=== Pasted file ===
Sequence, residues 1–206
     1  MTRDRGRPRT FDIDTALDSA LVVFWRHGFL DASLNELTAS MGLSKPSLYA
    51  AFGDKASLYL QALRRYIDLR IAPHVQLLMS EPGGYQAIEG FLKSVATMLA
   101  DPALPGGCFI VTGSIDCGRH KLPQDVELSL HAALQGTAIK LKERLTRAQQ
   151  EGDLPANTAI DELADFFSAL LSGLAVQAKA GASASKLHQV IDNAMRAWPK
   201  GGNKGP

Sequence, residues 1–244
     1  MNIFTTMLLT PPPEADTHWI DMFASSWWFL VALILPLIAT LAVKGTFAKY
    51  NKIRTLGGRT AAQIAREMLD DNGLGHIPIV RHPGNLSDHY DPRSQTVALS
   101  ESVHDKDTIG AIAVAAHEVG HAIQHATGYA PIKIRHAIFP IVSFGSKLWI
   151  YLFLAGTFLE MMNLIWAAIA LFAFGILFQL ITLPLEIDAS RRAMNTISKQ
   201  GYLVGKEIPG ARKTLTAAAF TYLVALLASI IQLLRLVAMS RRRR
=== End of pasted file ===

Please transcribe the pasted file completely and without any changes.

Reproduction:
Sequence, residues 1–206
     1  MTRDRGRPRT FDIDTALDSA LVVFWRHGFL DASLNELTAS MGLSKPSLYA
    51  AFGDKASLYL QALRRYIDLR IAPHVQLLMS EPGGYQAIEG FLKSVATMLA
   101  DPALPGGCFI VTGSIDCGRH KLPQDVELSL HAALQGTAIK LKERLTRAQQ
   151  EGDLPANTAI DELADFFSAL LSGLAVQAKA GASASKLHQV IDNAMRAWPK
   201  GGNKGP

Sequence, residues 1–244
     1  MNIFTTMLLT PPPEADTHWI DMFASSWWFL VALILPLIAT LAVKGTFAKY
    51  NKIRTLGGRT AAQIAREMLD DNGLGHIPIV RHPGNLSDHY DPRSQTVALS
   101  ESVHDKDTIG AIAVAAHEVG HAIQHATGYA PIKIRHAIFP IVSFGSKLWI
   151  YLFLAGTFLE MMNLIWAAIA LFAFGILFQL ITLPLEIDAS RRAMNTISKQ
   201  GYLVGKEIPG ARKTLTAAAF TYLVALLASI IQLLRLVAMS RRRR